© 2020 The Canadian Press
First direct evidence of ocean mixing across the Gulf Stream – Phys.org
New research provides the first direct evidence for the Gulf Stream blender effect, identifying a new mechanism of mixing water across the swift-moving current. The results have important implications for weather, climate and fisheries because ocean mixing plays a critical role in these processes. The Gulf Stream is one of the largest drivers of climate and biological productivity from Florida to Newfoundland and along the western coast of Europe.
The multi-institutional study led by a University of Maryland researcher revealed that churning along the edges of the Gulf Stream across areas as small as a kilometer could be a leading source of ocean mixing between the waters on either side of the current. The study was published in the Proceedings of the National Academy of Sciences on July 6, 2020.
“This long-standing debate about whether the Gulf Stream acts as a blender or a barrier to ocean mixing has mainly considered big ocean eddies, tens of kilometers to a hundred kilometers across,” said Jacob Wenegrat, an assistant professor in UMD’s Department of Atmospheric and Oceanic Science and the lead author of the study. “What we’re adding to this debate is this new evidence that variability at the kilometer scale seems to be doing a lot of mixing. And those scales are really hard to monitor and model.”
As the Gulf Stream courses its way up the east coast of the U.S. and Canada, it brings warm salty water from the tropics into the north Atlantic. But the current also creates an invisible wall of water that divides two distinct ocean regions: the colder, fresher waters along the northern edge of the Gulf Stream that swirl in a counterclockwise direction, and the warmer, saltier waters on the southern edge of the current that circulate in a clockwise direction.
How much ocean mixing occurs across the Gulf Stream has been a matter of scientific debate. As a result, ocean models that predict climate, weather and biological productivity have not fully accounted for the contribution of mixing between the two very different types of water on either side of the current.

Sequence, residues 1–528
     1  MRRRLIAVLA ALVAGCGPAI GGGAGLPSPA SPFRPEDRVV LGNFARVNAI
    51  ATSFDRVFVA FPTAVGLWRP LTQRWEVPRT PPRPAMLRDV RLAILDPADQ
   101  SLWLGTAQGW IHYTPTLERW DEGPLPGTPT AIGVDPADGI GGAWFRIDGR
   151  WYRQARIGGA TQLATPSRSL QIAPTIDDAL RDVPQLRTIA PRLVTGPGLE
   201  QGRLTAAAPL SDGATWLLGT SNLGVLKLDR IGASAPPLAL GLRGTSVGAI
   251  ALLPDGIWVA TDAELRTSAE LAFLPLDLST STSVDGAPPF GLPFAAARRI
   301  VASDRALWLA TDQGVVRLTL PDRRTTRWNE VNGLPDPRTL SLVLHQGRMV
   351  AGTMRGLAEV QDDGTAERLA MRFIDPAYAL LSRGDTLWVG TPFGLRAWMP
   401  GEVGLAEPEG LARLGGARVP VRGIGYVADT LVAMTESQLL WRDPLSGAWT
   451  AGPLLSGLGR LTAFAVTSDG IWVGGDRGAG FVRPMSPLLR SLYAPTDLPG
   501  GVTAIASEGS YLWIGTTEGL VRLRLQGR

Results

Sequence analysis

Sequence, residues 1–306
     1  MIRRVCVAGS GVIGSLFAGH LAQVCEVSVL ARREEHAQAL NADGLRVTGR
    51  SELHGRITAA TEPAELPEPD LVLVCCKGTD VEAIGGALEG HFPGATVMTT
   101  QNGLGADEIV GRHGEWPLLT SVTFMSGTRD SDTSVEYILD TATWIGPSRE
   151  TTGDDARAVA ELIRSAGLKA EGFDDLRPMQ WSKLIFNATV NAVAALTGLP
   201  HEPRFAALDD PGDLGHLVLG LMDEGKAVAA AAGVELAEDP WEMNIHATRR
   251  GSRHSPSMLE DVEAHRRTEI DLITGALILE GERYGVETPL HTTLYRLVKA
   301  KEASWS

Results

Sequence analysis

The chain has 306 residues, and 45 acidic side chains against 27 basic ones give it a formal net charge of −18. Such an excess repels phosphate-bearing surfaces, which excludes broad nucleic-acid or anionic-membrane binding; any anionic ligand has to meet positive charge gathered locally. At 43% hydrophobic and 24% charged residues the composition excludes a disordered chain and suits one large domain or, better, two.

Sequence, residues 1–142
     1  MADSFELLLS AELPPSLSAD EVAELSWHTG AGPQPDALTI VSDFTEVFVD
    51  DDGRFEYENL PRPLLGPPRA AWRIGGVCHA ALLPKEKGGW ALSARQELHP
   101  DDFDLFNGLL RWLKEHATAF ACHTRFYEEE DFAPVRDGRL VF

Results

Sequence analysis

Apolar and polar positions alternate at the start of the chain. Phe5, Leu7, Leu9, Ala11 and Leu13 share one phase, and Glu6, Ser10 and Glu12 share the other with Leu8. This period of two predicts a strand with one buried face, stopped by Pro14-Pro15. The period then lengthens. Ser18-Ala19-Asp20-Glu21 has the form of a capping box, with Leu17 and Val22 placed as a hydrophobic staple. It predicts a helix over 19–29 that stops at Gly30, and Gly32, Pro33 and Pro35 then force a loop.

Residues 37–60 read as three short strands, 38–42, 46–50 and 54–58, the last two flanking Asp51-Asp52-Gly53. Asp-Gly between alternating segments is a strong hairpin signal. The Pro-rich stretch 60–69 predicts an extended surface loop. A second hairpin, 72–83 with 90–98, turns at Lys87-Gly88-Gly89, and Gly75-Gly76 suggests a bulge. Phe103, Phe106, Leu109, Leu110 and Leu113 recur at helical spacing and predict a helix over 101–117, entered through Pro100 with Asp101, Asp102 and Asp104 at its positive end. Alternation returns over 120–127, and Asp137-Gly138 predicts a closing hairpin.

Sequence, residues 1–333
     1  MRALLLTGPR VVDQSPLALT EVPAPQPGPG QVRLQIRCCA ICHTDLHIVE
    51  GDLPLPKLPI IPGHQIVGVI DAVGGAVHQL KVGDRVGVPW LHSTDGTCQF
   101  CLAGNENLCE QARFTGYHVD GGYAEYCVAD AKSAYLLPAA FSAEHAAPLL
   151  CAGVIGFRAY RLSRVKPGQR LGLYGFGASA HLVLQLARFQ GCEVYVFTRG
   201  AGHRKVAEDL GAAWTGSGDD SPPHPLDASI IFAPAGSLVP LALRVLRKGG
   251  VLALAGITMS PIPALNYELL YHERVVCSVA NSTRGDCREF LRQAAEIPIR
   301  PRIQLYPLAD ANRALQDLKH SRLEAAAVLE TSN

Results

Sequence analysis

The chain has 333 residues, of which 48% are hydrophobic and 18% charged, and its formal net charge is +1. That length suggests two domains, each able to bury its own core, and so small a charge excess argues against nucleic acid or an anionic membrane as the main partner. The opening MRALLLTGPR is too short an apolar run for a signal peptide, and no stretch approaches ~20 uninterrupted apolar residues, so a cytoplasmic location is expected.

To conduct the study, the researchers had to take their instruments to the source: the edge of the Gulf Stream. Two teams of scientists aboard two global-class research vessels braved winter storms on the Atlantic Ocean to release a fluorescent dye along the northern front of the Gulf Stream and trace its path over the following days.
The first team released the dye along with a float containing an acoustic beacon. Downstream, the second team tracked the float and monitored the concentration of dye along with water temperature, salinity, chemistry and other features.
Back on shore, Wenegrat and his coauthors developed high-resolution simulations of the physical processes that could cause the dye to disperse through the water in the manner the field teams recorded. Their results showed that turbulence across areas as small as a kilometer exerted an important influence on the dye’s path and resulted in significant mixing of water properties such as salinity and temperature.
“These results emphasize the role of variability at very small scales that are currently hard to observe using standard methods, such as satellite observations,” Wenegrat said. “Variability at this scale is not currently resolved in global climate models and won’t be for decades to come, so it leads us to wonder, what have we been missing?”
By showing that small-scale mixing across the Gulf Stream may have a significant impact, the new study reveals an important, under-recognized contributor to ocean circulation, biology and potentially climate.